Heredity has been thought of as the prime force in the development of our capabilities. Similarly, the environment has been claimed as the fertile ground for the development of our capabilities. Then there is the rather prosaic consideration that we are products of both heredity and environment. In this discussion, one particular case-intelligence-will be discussed in the context of the idea that, even if intelligence has a large hereditary component, that may be quite unimportant.
In The Mismeasure of Man, Stephen Jay Gould (1981) makes the argument that if genetically identical seeds are planted in high-quality soil versus barren soil, the difference in growth will be notable even though the hereditary component that controls growth is identical.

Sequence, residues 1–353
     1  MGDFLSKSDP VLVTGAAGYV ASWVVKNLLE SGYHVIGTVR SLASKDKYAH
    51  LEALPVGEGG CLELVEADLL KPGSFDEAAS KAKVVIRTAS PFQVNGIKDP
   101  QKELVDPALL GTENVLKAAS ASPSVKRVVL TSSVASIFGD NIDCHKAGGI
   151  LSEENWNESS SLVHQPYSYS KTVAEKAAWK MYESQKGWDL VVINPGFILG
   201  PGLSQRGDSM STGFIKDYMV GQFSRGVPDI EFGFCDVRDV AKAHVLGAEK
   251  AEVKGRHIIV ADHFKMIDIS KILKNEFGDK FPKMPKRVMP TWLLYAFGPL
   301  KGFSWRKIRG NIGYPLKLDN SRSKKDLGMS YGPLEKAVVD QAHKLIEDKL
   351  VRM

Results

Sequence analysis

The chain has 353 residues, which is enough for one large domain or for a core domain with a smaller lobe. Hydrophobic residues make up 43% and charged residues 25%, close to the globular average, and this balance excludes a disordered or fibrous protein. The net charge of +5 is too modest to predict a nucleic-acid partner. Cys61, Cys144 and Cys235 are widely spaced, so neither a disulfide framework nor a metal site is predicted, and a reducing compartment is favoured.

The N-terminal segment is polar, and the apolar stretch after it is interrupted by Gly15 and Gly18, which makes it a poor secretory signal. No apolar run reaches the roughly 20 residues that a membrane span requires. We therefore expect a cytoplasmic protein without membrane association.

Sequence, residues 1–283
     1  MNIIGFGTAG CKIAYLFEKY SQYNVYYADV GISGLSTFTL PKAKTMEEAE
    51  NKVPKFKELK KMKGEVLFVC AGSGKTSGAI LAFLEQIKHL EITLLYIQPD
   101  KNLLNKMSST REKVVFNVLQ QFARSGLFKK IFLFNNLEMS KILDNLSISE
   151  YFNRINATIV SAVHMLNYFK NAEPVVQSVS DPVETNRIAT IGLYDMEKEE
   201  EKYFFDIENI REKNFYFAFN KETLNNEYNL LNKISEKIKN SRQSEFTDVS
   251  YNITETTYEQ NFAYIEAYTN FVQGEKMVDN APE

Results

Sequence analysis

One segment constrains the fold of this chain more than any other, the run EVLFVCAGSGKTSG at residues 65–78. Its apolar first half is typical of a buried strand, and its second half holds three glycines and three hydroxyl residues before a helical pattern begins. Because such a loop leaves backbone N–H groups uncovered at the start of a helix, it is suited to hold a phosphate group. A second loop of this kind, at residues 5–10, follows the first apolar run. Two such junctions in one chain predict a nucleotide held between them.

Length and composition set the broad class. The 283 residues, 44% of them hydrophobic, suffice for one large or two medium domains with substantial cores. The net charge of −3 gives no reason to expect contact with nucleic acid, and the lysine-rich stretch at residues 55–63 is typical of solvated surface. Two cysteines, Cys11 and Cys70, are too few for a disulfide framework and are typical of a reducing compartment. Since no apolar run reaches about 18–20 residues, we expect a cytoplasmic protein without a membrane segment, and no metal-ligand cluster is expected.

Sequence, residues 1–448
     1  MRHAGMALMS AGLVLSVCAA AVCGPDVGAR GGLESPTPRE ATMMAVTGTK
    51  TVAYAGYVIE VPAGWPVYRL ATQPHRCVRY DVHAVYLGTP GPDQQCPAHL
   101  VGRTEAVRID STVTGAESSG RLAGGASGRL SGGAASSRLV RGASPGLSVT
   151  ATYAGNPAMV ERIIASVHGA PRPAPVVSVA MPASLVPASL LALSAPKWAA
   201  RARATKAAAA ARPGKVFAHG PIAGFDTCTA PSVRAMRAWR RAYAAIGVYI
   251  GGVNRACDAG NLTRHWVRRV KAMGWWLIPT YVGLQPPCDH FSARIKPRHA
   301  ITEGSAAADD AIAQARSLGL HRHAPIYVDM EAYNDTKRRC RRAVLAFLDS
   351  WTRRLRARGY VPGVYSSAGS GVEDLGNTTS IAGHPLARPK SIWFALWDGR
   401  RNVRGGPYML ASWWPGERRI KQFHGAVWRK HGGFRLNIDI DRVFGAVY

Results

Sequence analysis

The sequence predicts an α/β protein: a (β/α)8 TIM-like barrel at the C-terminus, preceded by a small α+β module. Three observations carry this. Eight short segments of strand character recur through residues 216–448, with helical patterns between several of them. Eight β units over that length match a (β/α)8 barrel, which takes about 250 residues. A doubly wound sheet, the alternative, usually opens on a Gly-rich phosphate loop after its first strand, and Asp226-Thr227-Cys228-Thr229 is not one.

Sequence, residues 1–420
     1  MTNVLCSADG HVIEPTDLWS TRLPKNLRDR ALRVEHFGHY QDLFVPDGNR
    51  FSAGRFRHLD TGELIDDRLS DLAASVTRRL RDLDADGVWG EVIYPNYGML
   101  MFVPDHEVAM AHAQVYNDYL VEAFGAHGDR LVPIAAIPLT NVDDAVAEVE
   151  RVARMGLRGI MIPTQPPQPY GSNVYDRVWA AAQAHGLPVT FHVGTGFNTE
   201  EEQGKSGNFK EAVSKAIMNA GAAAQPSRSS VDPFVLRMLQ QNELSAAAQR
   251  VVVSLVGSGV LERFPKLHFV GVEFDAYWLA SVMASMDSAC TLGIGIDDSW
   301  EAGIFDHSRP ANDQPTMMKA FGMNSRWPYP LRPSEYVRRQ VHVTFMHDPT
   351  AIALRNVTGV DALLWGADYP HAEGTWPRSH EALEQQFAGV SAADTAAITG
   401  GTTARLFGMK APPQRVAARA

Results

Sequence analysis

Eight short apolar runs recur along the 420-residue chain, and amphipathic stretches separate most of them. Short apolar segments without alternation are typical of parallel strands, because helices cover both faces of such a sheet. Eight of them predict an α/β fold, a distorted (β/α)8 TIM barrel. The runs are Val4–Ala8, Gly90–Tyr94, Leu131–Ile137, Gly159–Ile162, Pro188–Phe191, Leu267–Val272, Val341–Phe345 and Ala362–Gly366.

In a paragraph of six sentences, answer the following: If intelligence is highly heritable, how could it be that the environment is crucial in its expression? To put the issue of intelligence into perspective, what exactly constitutes intelligence?
In another paragraph of six sentences answer the following:
Children typically do not start school until about age 5 in the United States. It may be somewhat later in different countries, but seldom earlier. This pattern was developed before theories of child development were created, but the ages at which various elements enter the curriculum are predictable from such theories. The dominant approach, that of Piaget, makes certain predictions about children’s capabilities.
1. What should determine the age at which a child starts school? (2). What does Piagetian theory have to say about a child’s ability to learn abstract mathematical symbols?
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